Ecotoxicological Assessment of Immersion Samples from Façade Render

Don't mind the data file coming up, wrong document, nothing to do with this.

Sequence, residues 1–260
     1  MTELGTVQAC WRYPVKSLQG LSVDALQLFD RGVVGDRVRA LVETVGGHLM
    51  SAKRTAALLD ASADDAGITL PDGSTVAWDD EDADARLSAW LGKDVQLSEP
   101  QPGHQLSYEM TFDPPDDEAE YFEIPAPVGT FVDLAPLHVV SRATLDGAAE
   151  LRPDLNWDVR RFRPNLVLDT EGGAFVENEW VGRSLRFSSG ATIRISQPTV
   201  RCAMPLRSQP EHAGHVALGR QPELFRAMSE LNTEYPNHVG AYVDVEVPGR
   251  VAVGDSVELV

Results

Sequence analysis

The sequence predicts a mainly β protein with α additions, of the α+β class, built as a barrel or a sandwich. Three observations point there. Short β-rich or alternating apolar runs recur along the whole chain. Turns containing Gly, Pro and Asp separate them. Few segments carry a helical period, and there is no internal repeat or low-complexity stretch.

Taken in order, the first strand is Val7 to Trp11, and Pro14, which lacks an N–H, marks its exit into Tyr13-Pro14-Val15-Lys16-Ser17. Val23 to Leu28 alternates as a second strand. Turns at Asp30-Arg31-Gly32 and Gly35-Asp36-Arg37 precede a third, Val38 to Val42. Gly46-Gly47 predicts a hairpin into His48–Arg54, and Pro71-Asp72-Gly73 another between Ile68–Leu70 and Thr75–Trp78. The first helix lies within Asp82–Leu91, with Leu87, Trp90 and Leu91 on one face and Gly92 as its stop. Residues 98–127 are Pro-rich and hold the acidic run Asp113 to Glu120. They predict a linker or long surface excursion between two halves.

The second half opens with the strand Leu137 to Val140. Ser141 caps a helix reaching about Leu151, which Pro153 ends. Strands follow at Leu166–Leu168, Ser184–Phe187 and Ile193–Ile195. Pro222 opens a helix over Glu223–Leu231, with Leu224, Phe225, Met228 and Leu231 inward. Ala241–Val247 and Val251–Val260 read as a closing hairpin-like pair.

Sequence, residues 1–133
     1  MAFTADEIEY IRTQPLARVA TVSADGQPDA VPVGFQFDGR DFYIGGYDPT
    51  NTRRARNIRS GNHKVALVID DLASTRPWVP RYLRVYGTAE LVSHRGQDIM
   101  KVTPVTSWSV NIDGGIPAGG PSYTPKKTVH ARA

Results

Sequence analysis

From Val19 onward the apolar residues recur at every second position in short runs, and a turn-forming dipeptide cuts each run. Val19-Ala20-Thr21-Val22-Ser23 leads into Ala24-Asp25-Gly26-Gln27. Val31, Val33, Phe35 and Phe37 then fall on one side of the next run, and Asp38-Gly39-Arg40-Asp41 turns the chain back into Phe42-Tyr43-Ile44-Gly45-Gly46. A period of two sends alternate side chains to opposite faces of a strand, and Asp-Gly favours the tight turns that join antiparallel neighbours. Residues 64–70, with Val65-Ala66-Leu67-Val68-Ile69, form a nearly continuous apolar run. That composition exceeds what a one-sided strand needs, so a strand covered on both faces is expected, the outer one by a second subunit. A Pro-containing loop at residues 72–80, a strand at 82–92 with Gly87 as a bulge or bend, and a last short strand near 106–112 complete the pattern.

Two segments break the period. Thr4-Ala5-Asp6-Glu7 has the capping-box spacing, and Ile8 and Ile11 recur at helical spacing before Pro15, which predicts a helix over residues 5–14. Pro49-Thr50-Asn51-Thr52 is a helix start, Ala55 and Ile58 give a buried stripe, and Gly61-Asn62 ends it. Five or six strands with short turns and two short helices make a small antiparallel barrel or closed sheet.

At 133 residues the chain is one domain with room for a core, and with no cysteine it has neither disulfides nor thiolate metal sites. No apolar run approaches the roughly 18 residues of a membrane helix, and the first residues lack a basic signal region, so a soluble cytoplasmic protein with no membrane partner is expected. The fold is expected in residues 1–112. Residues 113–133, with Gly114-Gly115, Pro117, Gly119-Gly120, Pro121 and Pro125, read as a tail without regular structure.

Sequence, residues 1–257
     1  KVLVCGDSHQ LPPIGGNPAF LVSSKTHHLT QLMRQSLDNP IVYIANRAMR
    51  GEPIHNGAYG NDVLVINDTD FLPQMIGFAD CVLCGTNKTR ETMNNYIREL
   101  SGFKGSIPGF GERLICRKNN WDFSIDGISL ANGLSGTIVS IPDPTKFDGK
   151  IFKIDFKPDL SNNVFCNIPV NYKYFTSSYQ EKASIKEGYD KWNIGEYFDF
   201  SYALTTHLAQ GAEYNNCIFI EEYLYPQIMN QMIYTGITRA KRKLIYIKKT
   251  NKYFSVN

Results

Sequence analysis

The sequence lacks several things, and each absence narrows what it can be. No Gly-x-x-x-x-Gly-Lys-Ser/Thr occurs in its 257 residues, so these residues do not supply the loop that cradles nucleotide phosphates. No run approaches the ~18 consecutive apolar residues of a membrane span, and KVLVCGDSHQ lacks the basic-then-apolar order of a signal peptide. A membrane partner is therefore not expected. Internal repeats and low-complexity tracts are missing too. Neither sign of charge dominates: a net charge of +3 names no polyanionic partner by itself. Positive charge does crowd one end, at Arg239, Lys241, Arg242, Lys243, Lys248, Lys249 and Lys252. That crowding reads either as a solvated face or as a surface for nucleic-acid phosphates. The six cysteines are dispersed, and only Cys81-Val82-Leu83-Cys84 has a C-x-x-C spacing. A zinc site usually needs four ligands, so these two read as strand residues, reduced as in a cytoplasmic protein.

To protect façade renders from growth of bacteria, fungi and algae, biocides can be added to a render before it is applied onto a façade. A comprehensive protection can be achieved by combining several biocides. During rain events and over time, biocides will gradually leach out and thus have the potential to affect soil or aquatic ecosystems. In this project the leaching behaviour of biocides from three render formulations was evaluated: one render containing free, another render containing encapsulated biocides (Terbutryn, OIT, DCOIT) and a control render without biocides. The renders were applied onto extruded polystyrene panels and water samples were generated over nine immersion cycles of the panels in accordance with standard EN 16105. Concentrations of the biocides were measured using LC-MS. The toxicity of the first and ninth immersion samples was determined using bioassays. Toxicity to aquatic organisms was evaluated by assessing inhibition of photosynthesis and algal growth rate, inhibition of bacterial luminescence and inhibition of daphnid population growth. Toxicity to soil organism was assessed by determining avoidance behaviour of worms and reproductive output in springtails. For aquatic effects, the toxic potential of a sample was expressed as a 50% effect concentration (EC50) based on sample dilution factors (DF; the sample volume and volume of culture medium used for dilution divided by the sample volume). Encapsulation reduced the leaching of Terbutryn, OIT, and DCOIT 4-, 17-, and 25-fold compared to free biocides used in the same amounts in the render. Generally, the toxicity of water from render containing encapsulated biocides was always lower than that of render with free biocides and toxicity was considerably lower for the ninth immersion day compared to the first immersion day sample for both free and encapsulated samples. Thus, on the first immersion day, the free biocide sample had a DF EC50 of 630, and the encapsulated biocides sample a DF EC50 of 130. On the ninth immersion cycle, the free biocide sample had a DF EC50 of 120 and encapsulated biocide sample a DF EC50 of 30. Toxicity therefore decreased 4- to 5-fold over the nine immersion cycles for both free and encapsulated samples. For the aquatic organisms, inhibition of photosynthesis was the most sensitive endpoint, followed by algal growth rate, bacterial bioluminescence and daphnid reproduction. At all tested sample concentrations, none of the samples with biocides caused effects on soil organisms. No toxicity was observed in control immersion samples without biocides in render although TOC (total organic carbon) reached up 250 mg/L. Results from bioassays matched quite well with expected bioassay responses based on chemical analysis and the toxicity of the individual biocides. It could be concluded, that the toxicity of given concentrations on algae is explained by Terbutryn whereas the toxicity on bacteria and daphnids is caused by DCOIT and OIT. The results thus indicated that other components in the render did not add to the toxicity of the individual biocides. Furthermore, the good agreement between the chemical analysis and the expected and observed biological effects indicates that the data are robust and that an assessment of the biological effect data using DF EC50 is a suitable evaluation tool for e.g. biocides released from treated articles or substances from construction products. Overall, the approach combining a standard leaching test with standard bioassays is very promising to evaluate the ecotoxicity of biocides leached out from façade renders.